His pollsters must have let him in on the fact that Americans don't naturally resent other people's good fortune. So he shifted ground on Tuesday night to emphasize opportunity instead of inequality. This is a welcome change, but it robbed the speech of any ideological charge. Instead, it was a lumpy bag full of hoary chestnuts, leftover proposals from prior State of the Union addresses, and microinitiatives so small they are barely visible to the naked eye.

It often felt like the interminable in the service of the insipid, but Obama was conversational and upbeat. It may be that pointlessness suits him.

Arguably, the big-ticket items were extending unemployment benefits and raising the minimum wage. Those aren't exactly towering policy proposals, although they loomed large compared with the president's other items.

He announced that he's launching six more hubs for high-tech manufacturing. This was a bold doubling down on his announcement of the launch of three more manufacturing hubs in last year's State of the Union.

He unveiled to the world the awkwardly named MyRA savings bonds, another retirement vehicle that may, as Yuval Levin of National Affairs writes, be difficult to distinguish from the already existing ones.

He made a pro forma nod to gun control, last year's failed crusade.

He declared, "I'm reaching out to some of America's leading foundations and corporations on a new initiative to help more young men of color facing especially tough odds stay on track and reach their full potential." Good for him, but this smacks of community organizing writ large.

He said he was entrusting Vice President Joe Biden with the reform of job-training programs. These programs have existed for decades, and billions of dollars have been spent on them. Yet the vice president of the United States has to be assigned to see that they "train Americans with the skills employers need, and match them to good jobs that need to be filled right now"?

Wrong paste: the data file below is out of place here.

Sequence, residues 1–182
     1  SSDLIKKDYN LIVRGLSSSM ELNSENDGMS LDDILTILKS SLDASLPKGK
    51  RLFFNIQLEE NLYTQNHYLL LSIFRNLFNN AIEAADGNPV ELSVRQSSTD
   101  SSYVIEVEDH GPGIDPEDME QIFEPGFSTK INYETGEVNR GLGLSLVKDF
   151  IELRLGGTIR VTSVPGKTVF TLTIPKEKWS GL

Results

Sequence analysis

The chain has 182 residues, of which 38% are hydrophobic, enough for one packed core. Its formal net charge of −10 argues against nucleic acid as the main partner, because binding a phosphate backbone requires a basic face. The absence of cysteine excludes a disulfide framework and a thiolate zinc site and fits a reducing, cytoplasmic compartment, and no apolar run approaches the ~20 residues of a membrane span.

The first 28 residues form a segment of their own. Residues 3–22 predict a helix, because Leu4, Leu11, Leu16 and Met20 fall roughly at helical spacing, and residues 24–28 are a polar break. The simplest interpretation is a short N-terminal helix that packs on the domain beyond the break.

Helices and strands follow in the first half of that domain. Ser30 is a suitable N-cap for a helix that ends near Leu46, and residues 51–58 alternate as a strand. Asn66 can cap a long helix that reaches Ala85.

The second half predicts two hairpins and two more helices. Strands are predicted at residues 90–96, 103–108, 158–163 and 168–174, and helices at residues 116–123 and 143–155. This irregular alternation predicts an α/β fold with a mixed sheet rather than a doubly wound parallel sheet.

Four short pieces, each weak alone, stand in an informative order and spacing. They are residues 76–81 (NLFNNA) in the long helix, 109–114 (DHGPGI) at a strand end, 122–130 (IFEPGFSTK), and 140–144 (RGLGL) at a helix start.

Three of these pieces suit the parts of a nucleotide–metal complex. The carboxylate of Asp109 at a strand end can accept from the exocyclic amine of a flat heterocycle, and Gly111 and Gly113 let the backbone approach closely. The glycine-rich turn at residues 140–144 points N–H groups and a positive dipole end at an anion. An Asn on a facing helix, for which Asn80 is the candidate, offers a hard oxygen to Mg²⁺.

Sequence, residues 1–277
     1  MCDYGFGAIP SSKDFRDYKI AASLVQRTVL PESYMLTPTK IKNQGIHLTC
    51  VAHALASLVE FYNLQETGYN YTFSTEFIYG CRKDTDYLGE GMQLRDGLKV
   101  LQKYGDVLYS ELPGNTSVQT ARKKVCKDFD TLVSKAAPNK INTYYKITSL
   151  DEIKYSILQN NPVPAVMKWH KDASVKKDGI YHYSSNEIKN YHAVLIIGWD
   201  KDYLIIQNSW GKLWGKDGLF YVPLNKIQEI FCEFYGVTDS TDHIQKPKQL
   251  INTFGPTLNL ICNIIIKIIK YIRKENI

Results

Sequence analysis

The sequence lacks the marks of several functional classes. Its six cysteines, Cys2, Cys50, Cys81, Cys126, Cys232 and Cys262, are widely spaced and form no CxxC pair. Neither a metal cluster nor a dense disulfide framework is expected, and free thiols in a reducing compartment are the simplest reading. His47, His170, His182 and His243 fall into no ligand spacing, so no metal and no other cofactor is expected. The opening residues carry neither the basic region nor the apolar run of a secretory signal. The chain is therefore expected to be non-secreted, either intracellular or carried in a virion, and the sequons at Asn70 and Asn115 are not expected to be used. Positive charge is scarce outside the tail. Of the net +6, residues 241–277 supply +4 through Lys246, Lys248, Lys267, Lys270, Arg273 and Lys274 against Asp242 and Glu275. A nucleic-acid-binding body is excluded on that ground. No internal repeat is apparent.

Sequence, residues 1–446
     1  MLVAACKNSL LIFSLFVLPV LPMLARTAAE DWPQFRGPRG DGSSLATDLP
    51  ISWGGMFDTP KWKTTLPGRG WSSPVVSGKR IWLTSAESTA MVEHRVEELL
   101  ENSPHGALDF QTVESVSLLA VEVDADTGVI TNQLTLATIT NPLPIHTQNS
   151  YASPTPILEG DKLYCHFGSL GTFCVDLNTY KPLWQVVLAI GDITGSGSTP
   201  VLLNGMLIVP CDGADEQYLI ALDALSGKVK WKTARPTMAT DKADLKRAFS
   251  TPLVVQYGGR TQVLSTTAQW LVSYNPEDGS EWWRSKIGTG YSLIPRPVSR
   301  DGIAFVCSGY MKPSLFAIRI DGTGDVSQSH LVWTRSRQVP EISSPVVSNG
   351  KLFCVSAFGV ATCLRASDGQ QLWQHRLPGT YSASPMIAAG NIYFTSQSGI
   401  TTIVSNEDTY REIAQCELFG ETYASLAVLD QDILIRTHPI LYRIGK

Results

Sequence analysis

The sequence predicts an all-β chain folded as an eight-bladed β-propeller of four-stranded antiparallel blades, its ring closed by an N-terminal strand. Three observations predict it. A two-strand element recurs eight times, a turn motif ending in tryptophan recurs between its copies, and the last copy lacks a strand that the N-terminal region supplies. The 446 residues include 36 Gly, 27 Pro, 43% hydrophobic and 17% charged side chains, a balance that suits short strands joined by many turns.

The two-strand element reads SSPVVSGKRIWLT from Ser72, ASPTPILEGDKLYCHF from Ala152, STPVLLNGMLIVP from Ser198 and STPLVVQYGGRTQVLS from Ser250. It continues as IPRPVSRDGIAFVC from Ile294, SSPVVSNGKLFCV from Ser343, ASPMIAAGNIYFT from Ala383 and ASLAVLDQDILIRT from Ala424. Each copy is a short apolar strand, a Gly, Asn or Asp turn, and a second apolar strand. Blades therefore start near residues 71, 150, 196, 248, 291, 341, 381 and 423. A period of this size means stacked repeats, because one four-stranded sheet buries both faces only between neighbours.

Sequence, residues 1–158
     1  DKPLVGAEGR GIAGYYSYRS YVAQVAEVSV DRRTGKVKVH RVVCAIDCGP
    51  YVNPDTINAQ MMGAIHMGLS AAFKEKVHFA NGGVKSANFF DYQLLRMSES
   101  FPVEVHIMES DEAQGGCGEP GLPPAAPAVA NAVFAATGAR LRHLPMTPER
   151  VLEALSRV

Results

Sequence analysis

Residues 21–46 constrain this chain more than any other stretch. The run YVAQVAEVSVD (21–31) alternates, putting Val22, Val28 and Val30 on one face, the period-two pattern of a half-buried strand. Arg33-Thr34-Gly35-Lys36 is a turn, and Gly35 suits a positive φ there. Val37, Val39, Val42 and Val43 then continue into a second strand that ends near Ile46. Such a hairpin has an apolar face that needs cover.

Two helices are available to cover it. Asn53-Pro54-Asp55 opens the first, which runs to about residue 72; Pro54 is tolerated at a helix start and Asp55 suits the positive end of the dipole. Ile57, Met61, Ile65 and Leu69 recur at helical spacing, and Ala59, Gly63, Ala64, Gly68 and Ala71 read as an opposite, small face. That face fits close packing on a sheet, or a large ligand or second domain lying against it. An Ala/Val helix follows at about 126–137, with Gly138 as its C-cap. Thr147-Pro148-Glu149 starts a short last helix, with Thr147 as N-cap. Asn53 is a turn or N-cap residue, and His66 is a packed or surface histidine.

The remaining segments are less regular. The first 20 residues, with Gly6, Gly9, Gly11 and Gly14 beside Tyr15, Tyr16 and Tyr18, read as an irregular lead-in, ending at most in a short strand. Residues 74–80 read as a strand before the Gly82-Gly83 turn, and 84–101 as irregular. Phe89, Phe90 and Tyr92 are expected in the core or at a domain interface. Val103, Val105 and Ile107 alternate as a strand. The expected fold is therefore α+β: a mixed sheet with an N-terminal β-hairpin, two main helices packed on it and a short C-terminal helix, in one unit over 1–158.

After all the windup about how the president was going to hurtle thunderbolts of executive orders down at Congress from on high, the president's headline unilateral act was imposing a minimum wage of $10.10 ... on federal contractors ... making new hires. Even his thunderbolts are trifling.

It may be that the president isn't tipping his hand and will be sorely tempted to effectively legislate on his own, especially on immigration and climate change, as time passes. Certainly his base wants him to break whatever procedural eggs are necessary. It is always strange to hear Nancy Pelosi, a former speaker of the House, implore the president to trample on her coequal branch of government, so long as it's in a good cause.

The content of the president's speech recalled the vintage "small ball" of Bill Clinton in the mid-1990s. But Clinton's microinitiatives were part of a broad feint to the center and a larger project to associate himself with middle-class values, both of which were meant to get him re-elected. It worked.

Obama's resort to the picayune feels less like a strategy and more like a tacit admission of exhaustion. It's good to be king, although it's even better if you aren't out of gas.

Every weekday JewishWorldReview.com publishes what many in the media and Washington consider "must-reading". Sign up for the daily JWR update. It's free. Just click here.

Comment by clicking here.

Rich Lowry Archives

© 2014 King Features Syndicate

Columnists

Toons

Lifestyles

Quantcast